SCIENTIFIC NAME: Cyprinella caerulea
CHARACTERISTICS: The body of Cyprinella caerulea is narrow and elongate, and its head is relatively small and triangular in shape. The mouth is terminal to subterminal and oblique. In breeding males, the dorsal fin is greatly expanded, and the snout protrudes slightly. Females and nonbreeding males are generally plain, with a steel-blue or dark silver body abouve the lateral stripe. Breeding males have a similar appearance, except their entire bodies acquire a more intense metallic blue color. The lateral stripe is bright blue-green, the fins are either bright yellow or orange edged in white, and the dorsal fin membranes are dark. See Jordan (1877a) for original description.
ADULT SIZE: 2 to 2.8 in (50 to 70 mm)
DISTRIBUTION: This species is endemic to the Mobile basin above the Fall Line in the upper Coosa River system. In Alabama it is restricted to the lower reaches of Little River, Weogufka Creek, and Choccolocco Creek (Pierson and Krotzer, 1987). Dobson (1994) recently reported a 3-mile range extension upstream in Little River. The species was formerly known from the Cahaba River system but has not been reported there since 1971.
HABITAT AND BIOLOGY: Blue shiners prefer clear, medium or large streams and are found in shallow pools with slow currents or in backwaters over sand and gravel substrates. They consume terrestrial insects and, to a lesser extent, immature aquatic insects. Spawning in the upper Coosa River system occurs from late April to late July (Krotzer, 1984).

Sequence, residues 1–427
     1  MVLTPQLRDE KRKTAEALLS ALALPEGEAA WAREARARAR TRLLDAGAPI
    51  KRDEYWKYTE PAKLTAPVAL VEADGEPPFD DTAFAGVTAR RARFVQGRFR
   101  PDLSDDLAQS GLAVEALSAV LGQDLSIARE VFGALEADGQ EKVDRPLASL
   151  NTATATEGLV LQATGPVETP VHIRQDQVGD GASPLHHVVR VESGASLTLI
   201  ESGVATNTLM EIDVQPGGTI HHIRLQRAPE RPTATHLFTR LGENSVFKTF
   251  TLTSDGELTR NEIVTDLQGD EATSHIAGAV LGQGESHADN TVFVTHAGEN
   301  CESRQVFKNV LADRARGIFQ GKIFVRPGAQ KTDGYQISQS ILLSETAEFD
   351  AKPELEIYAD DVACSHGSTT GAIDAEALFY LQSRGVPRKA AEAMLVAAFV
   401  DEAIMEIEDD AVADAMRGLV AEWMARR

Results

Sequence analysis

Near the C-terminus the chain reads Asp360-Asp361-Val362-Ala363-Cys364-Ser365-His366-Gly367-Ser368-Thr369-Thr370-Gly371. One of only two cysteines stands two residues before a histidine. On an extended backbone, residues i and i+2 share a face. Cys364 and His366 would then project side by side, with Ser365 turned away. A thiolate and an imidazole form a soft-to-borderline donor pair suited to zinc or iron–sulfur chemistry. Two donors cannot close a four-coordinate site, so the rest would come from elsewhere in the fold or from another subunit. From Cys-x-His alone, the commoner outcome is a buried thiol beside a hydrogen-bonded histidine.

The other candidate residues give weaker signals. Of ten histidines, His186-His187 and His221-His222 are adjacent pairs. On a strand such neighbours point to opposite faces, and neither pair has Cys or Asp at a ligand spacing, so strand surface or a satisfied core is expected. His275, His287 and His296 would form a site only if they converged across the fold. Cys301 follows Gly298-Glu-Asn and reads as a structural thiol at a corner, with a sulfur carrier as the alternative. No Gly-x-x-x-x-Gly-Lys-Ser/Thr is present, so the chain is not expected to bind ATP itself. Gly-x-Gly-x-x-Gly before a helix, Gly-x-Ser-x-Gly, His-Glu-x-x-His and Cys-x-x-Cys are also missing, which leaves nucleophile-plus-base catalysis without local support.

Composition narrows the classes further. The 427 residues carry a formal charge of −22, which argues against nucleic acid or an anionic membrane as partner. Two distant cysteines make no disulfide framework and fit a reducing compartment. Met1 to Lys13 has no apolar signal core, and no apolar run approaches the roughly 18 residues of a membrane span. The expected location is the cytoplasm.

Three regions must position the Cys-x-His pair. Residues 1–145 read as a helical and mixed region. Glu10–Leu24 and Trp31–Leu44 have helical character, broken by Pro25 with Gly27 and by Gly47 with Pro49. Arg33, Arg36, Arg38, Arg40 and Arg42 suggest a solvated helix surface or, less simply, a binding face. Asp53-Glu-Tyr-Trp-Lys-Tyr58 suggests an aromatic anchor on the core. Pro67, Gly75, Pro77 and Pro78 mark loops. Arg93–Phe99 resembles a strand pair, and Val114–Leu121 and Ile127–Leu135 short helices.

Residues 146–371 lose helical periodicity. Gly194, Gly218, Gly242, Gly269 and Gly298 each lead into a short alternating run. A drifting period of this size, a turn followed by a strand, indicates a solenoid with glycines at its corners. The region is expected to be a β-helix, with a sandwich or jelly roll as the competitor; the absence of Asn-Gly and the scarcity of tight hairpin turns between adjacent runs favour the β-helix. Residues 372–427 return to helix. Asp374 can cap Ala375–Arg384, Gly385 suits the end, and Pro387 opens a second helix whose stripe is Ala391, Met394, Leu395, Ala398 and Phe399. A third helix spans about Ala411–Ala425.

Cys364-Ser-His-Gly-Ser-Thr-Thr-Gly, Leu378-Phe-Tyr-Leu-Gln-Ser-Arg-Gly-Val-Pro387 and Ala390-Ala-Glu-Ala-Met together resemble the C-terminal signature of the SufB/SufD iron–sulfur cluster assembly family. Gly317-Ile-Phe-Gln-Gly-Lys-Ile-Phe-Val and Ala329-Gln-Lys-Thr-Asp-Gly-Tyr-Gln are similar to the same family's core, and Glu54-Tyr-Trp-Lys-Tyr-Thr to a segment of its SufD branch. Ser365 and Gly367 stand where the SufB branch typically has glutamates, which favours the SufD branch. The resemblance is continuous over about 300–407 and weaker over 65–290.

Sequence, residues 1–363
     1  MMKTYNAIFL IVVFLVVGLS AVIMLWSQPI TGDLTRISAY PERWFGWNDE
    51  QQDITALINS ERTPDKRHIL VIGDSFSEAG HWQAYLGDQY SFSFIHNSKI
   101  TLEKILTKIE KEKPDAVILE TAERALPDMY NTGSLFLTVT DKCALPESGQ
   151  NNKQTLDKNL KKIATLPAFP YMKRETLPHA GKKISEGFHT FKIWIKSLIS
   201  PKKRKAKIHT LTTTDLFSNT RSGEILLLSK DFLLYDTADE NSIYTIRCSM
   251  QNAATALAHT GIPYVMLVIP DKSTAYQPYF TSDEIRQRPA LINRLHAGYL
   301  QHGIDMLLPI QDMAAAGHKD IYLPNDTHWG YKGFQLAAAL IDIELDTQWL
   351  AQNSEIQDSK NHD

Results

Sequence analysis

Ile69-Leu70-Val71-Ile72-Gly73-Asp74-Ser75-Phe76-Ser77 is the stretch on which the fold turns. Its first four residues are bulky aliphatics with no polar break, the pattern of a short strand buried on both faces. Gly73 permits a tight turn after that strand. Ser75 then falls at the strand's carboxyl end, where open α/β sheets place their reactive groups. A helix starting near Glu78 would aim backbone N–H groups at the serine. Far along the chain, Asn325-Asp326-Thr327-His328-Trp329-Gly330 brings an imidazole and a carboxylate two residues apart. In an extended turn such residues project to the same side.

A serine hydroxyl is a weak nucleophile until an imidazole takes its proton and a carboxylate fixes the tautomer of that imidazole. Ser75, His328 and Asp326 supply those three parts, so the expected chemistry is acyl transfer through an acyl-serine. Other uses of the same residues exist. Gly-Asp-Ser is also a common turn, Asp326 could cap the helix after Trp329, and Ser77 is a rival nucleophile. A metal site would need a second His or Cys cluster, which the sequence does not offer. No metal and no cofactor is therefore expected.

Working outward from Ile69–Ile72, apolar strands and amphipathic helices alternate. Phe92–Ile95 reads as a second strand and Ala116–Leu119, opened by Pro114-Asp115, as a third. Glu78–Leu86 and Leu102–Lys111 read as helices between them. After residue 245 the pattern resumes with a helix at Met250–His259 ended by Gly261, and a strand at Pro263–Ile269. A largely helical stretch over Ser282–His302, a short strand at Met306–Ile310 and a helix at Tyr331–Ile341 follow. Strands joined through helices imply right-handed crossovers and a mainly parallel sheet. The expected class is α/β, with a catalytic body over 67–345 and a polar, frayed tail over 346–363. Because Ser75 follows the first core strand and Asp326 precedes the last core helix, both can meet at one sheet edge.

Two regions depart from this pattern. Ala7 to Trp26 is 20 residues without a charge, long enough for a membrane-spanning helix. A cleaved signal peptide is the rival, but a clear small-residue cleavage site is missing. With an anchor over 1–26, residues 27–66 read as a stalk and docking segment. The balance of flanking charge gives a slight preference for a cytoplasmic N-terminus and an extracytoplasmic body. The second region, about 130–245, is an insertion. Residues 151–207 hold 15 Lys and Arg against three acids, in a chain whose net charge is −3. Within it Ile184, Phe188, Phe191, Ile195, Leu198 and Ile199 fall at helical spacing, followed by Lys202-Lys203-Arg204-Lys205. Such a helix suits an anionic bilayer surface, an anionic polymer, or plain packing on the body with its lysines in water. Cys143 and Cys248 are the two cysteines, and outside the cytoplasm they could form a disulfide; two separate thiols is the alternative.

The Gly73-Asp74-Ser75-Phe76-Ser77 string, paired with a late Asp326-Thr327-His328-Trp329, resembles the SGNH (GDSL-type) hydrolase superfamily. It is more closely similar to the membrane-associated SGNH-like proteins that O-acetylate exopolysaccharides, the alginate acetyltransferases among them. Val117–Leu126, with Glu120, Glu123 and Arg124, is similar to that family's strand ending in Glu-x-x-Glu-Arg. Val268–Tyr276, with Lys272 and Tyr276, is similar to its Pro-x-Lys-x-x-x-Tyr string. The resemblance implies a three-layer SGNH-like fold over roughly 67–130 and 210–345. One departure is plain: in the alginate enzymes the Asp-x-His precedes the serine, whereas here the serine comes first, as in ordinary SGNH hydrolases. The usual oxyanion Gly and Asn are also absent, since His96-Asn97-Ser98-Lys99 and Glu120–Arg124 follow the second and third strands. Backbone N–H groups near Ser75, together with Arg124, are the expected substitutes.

REMARKS: The type locality of the blue shiner is tributaries to the Oostanaula River, near Rome, Floyd County, Georgia. The U.S. Fish and Wildlife Service has listed the blue shiner as a threatened species.
ORIGINAL DESCRIPTION: Jordan described the blue shiner in 1877.
Cyprinella means diminutive of Cyprinus, the carp.
Caerulea means blue.
The copyrighted information above is from Fishes of Alabama and the Mobile Basin. Alabama Wildlife and Freshwater Fisheries Division protects this fish from capture or possession. Federally listed as threatened, the US Fish and Wildlife Service has more information on the blue shiner.
Note: In Alabama, it is illegal to stock or move any fish, mussel, snail or crayfish to any public water without a permit.